Some theoretical issues that ‘The BAR’ Touches on are the following; the proletariat (working class), labour, honesty, deceit, placebo affect, and Kaprows’ theories on the blurring of art and life and the elimination of the audience. I will discuss some of these issues further.
Elimination of the audience:
By eliminating the audience Kaprow states (p.103), “that the last element of theatrical convention disappears”. When an audience is asked to participate in a production they often do so half-heartedly. When they are unaware that their actions are the most important part of the experiment they relax and react as they would in any other part of life. When our participants relaxed we were able to gauge their reactions to the non-alcoholic beer they consumed very well. Kaprow also states (p.103), “those who are in a happening should be willing participants”. This too was achieved as we handed out beverages to thirsty, alcohol-seeking individuals who were told that we were monitoring their reactions. This was an exchange of goods. They get free beer and we get to monitor them. Everyone is happy.
Kaprow, A., Assemblages, Environments and Happenings, (New York: Harry N Abrams, 1966) 187-8, 195-8. Reprinted in Participation ed. Bishop, C. 2006, Whitechapel Ventures LTD.
We became the working class or ‘proletariat’ whilst working the bar at the gallery. The New oxford American Dictionary 2012, defines the proletariat as:
Workers or working-class people, regarded collectively (often used with reference to Marxism): the growth of the industrial proletariat.
• the lowest class of citizens in ancient Rome.
*ORIGIN mid 17th cent.: from Latin proletarius (from proles ‘offspring’), denoting a person having no wealth in property, who only served the state by producing offspring.
We enjoyed work we did whilst tending ‘The Bar’. We were able to socialise and get amongst our customers and felt engaged on a deeper level with the evening. Instead of isolating us from our classmates it brought us together by creating a service based connection, which resulted in some good conversations. This dual aspect of the proletariat; of working whilst, still connecting with reality is analysed by Henry Lefebvre who states:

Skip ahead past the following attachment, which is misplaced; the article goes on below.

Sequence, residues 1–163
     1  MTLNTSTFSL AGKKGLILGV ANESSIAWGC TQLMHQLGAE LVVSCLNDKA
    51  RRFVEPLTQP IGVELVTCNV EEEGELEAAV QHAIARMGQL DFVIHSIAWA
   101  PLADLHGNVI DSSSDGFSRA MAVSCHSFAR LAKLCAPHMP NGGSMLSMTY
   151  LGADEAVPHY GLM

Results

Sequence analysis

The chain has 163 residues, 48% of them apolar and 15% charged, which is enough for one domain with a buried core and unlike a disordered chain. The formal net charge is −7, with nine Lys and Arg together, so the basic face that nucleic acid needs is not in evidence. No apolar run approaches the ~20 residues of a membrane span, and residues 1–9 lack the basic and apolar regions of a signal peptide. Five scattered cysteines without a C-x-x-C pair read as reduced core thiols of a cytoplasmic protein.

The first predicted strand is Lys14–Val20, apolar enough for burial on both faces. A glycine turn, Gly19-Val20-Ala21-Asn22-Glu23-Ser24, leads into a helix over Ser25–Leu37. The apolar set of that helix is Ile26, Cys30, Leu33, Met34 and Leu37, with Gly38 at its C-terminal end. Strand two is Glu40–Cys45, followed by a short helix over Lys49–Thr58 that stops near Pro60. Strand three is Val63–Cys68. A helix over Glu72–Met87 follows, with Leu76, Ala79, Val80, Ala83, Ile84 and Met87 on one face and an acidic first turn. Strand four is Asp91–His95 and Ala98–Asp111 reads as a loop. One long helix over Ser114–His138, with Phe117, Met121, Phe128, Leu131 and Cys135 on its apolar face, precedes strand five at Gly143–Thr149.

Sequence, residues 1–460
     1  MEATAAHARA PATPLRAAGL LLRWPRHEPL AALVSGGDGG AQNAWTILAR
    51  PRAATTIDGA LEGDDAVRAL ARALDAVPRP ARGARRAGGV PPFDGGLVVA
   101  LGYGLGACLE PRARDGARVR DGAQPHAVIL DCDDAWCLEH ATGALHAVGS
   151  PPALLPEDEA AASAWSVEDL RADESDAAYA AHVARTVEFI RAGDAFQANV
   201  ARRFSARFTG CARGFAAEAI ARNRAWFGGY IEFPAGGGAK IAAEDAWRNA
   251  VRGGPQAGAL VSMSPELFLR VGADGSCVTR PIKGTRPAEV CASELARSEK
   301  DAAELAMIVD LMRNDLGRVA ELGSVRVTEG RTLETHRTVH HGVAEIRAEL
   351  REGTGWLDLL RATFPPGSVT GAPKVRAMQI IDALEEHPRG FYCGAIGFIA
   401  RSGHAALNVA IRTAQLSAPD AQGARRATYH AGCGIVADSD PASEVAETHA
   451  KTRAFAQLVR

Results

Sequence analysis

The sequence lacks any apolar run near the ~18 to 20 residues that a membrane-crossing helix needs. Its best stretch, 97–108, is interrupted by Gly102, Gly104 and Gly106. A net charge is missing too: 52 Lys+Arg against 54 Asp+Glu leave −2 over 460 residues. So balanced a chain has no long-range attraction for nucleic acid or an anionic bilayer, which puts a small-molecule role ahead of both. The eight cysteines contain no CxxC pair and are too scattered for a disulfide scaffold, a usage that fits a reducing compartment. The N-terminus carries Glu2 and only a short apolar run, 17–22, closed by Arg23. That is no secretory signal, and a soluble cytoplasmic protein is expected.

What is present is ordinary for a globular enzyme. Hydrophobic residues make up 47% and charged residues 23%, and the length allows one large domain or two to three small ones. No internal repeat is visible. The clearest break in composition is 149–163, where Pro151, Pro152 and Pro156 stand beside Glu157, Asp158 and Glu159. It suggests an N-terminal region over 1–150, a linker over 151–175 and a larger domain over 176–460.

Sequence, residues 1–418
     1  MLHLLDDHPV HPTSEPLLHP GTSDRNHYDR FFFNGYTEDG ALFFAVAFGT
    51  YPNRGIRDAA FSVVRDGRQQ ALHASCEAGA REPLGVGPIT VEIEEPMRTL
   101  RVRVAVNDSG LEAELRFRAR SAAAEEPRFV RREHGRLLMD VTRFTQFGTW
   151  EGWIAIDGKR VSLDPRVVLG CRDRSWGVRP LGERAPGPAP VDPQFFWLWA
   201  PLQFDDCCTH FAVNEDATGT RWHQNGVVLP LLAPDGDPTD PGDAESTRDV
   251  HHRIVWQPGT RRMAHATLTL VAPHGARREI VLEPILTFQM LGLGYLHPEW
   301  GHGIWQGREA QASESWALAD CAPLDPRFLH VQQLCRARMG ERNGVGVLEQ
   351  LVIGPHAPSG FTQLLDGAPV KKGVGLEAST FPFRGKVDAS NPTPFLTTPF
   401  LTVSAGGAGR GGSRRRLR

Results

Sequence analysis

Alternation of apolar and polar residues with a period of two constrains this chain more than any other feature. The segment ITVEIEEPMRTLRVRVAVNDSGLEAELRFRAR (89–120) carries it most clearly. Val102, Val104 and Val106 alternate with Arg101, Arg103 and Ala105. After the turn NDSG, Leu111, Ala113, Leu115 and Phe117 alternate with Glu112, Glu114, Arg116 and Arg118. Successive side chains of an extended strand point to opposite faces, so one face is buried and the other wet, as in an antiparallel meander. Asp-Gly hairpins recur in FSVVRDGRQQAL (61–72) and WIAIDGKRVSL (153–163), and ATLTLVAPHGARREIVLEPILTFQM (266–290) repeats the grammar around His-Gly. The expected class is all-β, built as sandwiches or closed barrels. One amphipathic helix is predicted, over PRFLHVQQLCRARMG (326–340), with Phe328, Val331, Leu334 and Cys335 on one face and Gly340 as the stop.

“On the one hand it tends to overwhelm and crush the (individual) proletarian under the weight of the toil, the institutions and the ideas which are indeed intended to crush him. But in the same time… his everyday contact with the real and through nature with work, the proletarian is endowed with fundamental health and a sense of reality which other social groups lose, in so far as they become detached from practical creativity. The petty bourgeois and the bourgeois …they all degenerate decay and wither.” (p.149)
We were not ‘overwhelmed’ by our toil. Instead the work gave us a disguised platform for further engagement with our customers. This enabled us to conduct our experiment comfortably under the facade of bar attendants. We were engaging in a manner where by we could divulge the prime face of our experiment whilst maintain our secret. Whilst we were engaging on the ground level, on an even level with everyone else, our project evolved. The more alcohol we consumed the more we relaxed we became and the creativity began to flow. We began to hold on the spot interviews an aspect of our project that we never intended on doing. The project evolved organically, directed only by the amount of alcohol we consumed.
Placebo effect, also called nonspecific effect, psychological or psychophysiological improvement attributed to therapy with an inert substance or a simulated (sham) procedure…Research has indicated that the effect may be caused by the person’s expectations about the treatment rather than being a direct effect of the treatment itself.
The placebo effect was the driving force of our project. We hoped that people would feel some placebo alcohol effect whilst consuming the beer. The fact that alcohol is always served on opening nights and comes from a bar people were fooled into the fact that they were getting drunk. The bar met their expectations of what to expect on a galleries opening. Beer is also associated with getting drunk and we played on that expectation to be served alcohol as well.In order to gauge these effects we asked the drinkers some questions like; how’s your night going? How’s the beer? How many have you had to drink? Will you participate in the drunken test?
Psycho-geography a term coined by Guy Debord from the Situationists International, it too played a part in the expectations. They stepped off the street into a night-space bar/gallery, that has connections with alcoholic drinks, and immediately they were transformed by their surroundings, which helped to alter their expectations. The fact that we too were drinking beer and getting relaxed I think encouraged the consumption from non-audience as well.